Abraham Aiyash made history; now he wants to change policy


Abraham Aiyash cannot wait to get to work.

The son of Yemeni immigrants identifies with his working class roots and family’s immigrant story, and he says he is driven to public service by his Muslim faith. The layers of his identity boost his ultimate aim – to improve quality of life for every Michigander, protect the planet that we all share all and safeguard the rights of workers.

Aiyash was selected by his colleagues last month to serve as Michigan State House majority floor leader, second in command in the chamber after the speaker. He will become the highest-ranking Muslim in Michigan’s legislative history.

As the much anticipated red wave turned into a blue tsunami in Michigan, Democrats did not only manage to retain the governorship, but they also regained control of the state legislature for the first time in decades – giving them a historic opportunity to implement their agenda.

Governor Gretchen Whitmer has been limited in what she can do with a Republican-controlled legislature, but now she can enact pro-labor, gun reform and environmental protection laws.

And Aiyash may be at the forefront of those efforts.

“My goal is to make sure the work economy is responsible and caring for the citizens,” Aiyash told the Yemeni American News.

“I want to make sure we invest in public education and a clean planet. I am focused on protecting our air, land and drinking water. We have two years to get our work done and make sure we can make a lasting impact.”

First elected to the State House in 2020 after the death of State Rep. Isaac Robinson, Aiyash has continued with the late lawmaker’s progressive legacy.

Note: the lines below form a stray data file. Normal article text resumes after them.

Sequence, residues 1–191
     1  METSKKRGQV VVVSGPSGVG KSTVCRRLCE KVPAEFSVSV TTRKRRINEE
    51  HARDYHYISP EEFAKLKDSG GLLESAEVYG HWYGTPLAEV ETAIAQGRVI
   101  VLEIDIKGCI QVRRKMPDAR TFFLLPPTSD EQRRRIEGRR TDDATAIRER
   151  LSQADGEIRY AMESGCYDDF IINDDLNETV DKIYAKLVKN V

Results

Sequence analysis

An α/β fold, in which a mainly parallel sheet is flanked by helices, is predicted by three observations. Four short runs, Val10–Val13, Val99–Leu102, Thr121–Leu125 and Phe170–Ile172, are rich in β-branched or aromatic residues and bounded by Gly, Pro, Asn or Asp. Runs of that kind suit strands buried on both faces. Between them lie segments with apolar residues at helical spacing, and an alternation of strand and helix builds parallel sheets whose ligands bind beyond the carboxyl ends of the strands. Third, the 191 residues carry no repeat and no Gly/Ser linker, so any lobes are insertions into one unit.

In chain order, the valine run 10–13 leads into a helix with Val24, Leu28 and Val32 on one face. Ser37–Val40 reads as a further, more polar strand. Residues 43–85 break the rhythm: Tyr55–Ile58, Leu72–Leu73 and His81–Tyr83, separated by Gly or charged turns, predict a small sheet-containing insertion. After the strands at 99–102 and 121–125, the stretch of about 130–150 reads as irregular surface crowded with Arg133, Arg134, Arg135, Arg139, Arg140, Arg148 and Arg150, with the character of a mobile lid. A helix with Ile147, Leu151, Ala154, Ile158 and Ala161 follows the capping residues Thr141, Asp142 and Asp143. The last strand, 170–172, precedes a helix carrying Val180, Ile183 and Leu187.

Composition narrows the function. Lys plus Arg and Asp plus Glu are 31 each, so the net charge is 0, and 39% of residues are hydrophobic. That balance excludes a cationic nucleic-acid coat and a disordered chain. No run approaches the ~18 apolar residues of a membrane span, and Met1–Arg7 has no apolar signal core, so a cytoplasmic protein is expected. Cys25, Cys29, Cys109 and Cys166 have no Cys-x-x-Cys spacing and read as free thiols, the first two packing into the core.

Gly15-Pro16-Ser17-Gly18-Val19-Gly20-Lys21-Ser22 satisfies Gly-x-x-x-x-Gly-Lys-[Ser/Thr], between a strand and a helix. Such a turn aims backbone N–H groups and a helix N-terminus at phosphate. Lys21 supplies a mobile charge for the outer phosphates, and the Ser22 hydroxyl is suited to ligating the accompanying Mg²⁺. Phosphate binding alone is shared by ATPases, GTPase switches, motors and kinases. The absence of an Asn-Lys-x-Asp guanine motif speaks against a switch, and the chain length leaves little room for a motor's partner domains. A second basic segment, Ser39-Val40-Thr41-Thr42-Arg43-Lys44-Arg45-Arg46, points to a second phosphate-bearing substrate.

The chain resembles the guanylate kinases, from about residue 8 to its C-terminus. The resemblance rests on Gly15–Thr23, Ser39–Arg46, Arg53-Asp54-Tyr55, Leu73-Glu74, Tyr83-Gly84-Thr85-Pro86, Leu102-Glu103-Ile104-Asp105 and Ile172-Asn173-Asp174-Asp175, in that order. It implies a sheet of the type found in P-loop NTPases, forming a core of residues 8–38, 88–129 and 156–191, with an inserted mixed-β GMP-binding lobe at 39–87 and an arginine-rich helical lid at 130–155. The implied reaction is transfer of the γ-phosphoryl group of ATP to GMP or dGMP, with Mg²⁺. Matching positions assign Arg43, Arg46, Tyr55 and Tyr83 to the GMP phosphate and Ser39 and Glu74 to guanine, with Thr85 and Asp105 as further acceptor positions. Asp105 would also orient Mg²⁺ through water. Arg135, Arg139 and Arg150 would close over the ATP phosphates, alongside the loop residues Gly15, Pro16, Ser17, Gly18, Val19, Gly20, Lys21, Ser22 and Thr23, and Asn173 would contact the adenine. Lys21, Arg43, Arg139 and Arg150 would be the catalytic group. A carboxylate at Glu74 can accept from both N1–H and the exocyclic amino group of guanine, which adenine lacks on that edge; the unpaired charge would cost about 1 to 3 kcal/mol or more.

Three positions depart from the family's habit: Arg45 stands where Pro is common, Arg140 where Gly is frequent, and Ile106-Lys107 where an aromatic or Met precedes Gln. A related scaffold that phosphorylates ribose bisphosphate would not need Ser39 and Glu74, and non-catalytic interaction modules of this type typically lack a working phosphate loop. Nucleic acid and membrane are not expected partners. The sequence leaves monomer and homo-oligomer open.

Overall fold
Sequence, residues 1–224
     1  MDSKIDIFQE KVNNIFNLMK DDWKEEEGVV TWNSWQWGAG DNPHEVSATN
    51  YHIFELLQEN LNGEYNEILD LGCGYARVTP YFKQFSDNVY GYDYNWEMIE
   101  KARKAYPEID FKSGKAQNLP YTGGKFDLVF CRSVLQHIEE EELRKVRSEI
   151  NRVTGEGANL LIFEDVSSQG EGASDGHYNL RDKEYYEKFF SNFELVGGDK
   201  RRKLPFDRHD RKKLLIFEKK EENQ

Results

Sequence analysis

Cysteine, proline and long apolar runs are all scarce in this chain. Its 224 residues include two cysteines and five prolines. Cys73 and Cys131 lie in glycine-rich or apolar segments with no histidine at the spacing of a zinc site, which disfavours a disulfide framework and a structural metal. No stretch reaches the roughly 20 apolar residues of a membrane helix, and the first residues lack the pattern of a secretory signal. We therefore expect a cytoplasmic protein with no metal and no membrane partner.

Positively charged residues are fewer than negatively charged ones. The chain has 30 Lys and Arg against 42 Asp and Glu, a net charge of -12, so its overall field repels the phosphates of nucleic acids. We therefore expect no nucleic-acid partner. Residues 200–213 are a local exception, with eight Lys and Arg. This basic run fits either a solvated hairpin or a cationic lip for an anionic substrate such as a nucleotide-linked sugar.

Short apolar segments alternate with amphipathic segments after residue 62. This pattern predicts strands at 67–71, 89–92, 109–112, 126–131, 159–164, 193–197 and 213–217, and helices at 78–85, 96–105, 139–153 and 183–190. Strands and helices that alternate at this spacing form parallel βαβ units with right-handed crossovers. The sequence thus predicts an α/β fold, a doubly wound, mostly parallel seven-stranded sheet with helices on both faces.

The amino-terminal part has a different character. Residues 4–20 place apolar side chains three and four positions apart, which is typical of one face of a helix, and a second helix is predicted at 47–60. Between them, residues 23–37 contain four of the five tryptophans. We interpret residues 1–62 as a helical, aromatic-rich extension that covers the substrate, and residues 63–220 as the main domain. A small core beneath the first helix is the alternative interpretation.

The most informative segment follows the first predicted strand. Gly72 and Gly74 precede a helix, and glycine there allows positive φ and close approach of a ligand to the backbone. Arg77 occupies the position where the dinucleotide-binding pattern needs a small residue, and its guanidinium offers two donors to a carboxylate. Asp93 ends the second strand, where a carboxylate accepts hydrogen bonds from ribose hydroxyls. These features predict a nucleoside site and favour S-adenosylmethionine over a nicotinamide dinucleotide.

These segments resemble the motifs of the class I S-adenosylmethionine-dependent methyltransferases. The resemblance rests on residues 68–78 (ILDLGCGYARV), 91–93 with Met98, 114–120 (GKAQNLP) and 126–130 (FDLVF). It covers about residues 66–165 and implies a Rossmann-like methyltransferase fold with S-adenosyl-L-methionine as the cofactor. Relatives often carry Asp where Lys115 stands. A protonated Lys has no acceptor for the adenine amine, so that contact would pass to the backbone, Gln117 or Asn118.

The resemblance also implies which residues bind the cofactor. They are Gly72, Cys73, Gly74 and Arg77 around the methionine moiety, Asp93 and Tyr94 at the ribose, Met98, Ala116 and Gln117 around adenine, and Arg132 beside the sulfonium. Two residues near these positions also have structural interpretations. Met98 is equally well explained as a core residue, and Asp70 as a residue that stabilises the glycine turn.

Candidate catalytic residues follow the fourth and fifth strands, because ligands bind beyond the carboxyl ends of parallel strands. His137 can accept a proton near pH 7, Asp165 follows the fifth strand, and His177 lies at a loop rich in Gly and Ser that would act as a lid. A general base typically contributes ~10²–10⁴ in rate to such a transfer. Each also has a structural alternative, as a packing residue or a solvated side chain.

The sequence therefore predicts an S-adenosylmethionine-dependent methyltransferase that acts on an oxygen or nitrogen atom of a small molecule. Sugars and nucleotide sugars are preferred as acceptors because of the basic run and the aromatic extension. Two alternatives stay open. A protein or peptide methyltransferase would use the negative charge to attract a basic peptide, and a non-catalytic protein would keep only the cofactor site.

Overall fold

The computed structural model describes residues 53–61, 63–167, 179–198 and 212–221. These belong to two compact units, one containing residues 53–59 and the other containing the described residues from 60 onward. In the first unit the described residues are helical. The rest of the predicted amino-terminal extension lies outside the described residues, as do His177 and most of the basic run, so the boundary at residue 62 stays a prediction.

In his district, which includes Hamtramck and parts of Detroit, he was a community organizer from a young age, and as he entered politics, he never gave up his progressive activism.

Arab Americans have been cementing their foothold in Michigan politics for decades. But it always seemed like Yemenis were underrepresented within the broader community’s representation. Aiyash is changing that at the state level.

“I grew up in a working-class community. My dad had the opportunity to have a unique job in being an immigrant and coming to this country and laying the foundation for my family,” he said. “His sacrifices allowed me to be able to serve this job and go to college. I am forever indebted to him. The story of an immigrant inspires me. My faith also drives my public service. I am incredibly honored to have this role.”

For Aiyash, it’s more about public service and the broader community of constituents. He acknowledged the historic significance of his selection as House majority floor leader – as a Muslim, Arab, Yemeni lawmaker – but he said he is focused on being the “best” in that position.

“I understand that I serve many different backgrounds so it’s important I am inclusive of everyone I serve,” he said.

On the issues, Aiyash outlined his policy priorities: “Finally addressing the concern of auto insurance. Changing the laws that are more worker friendly. Protecting our Planet. Tackling issues of affordable housing. Investing in public transportation. Be a state where people can move around and have good parking.”

Aiyash also wants to implement campaign finance reform. “There’s too much dark money in our politics,” he said.

This year the pro-Israel lobby the American Israel Public Affairs Committee (AIPAC) and its allies heavily targeted Michigan, spending millions of dollars against supporters of Palestinian rights, including Rep. Rashida Tlaib and Jewish-American Congressman Andy Levin, who lost his primary to Rep. Haley Stevens. (To be clear, Aiyash did not mention AIPAC and Israel in his comments to the Yemeni American News.)

The Democratic majority will take office next month, and Aiyash’s achievement caused jubilation across the Arab Community.

Aiyash will serve under Joe Tate, who was selected as the first Black top leader of the State House. They also selected Winnie Brinks to serve as the first female Senate Majority Leader.

“I am looking forward to a legislature that will once again return to a sense of decorum, absent of scandal, because they will be led by the best – Speaker Joe Tate and Senate Majority Leader Winnie Brinks,” Lavora Barnes, chair of the Michigan Democratic Party, said in a statement last month.